by Patricia Piccinini (
This work come from a conversation I had with a woman during my exhibition at the Frye Museum in Seattle in 2007. She told me she had two daughters aged 11 and 7 who she had adopted from China. Both of these girls had been abandoned by their parents because they had a cleft palettes. Since it is a genetic condition, it is very difficult for girls like this to find husbands, and since the one child per family-policy provides families with only one shot at offspring, such girls are often just dumped and end up in orphanages.
In the US however a cleft palette is not really a big deal. These girls are now living a completely normal life. Their condition has been treated, they can have boyfriends and marry. Nobody makes a fuss about it. So there’s a really big influence of culture on the kind of space an individual is allowed to take. In our culture we give these girls medical treatment to give allow them to join our society. But at the same time medicine is also functioning to repress differences; because we can 'cure' a cleft palette, it becomes a disease rather than just an individuality.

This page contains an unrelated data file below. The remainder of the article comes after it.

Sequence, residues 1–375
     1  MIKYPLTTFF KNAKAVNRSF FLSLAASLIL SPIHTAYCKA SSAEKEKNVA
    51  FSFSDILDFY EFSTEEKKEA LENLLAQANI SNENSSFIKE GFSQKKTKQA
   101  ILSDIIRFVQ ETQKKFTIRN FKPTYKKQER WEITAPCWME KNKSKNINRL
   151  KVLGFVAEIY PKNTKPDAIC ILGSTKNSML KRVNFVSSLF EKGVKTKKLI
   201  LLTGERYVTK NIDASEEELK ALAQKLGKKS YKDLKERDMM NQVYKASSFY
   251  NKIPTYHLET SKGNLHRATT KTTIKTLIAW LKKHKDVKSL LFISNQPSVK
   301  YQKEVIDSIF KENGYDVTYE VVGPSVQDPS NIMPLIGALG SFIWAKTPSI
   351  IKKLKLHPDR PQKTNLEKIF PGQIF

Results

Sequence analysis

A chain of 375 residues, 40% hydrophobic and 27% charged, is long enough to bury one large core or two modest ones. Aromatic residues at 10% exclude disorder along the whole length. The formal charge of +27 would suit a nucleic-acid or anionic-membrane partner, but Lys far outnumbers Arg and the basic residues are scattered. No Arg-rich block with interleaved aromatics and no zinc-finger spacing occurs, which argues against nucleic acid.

If you look at the Foundling, you see a baby creature in a car safety capsule. It is not exactly an attractive baby, but it has these huge eyes that ask to be loved. It doesn’t really fit in the capsule, and it doesn’t really have a place to belong. I imagine the audience might ask themselves whether they could provide this creature with a loving environment. The deeper ethical question is how do we take responsibility for mistakes we made? And who are we to decide on who or what has a place or not. You can ask yourself that question when we cut down tropical forests destroying the natural habitat of apes or when we introduce transgenic creatures or plants. In the end it is the same question you will have to answer. For me it is not about saving species, it is about individuals.